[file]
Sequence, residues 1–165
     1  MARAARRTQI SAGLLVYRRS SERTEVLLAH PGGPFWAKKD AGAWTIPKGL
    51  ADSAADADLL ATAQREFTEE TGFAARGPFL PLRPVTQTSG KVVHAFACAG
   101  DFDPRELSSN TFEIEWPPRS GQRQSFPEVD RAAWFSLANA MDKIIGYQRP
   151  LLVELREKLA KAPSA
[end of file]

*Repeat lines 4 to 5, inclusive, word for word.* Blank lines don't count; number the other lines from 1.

   101  DFDPRELSSN TFEIEWPPRS GQRQSFPEVD RAAWFSLANA MDKIIGYQRP
   151  LLVELREKLA KAPSA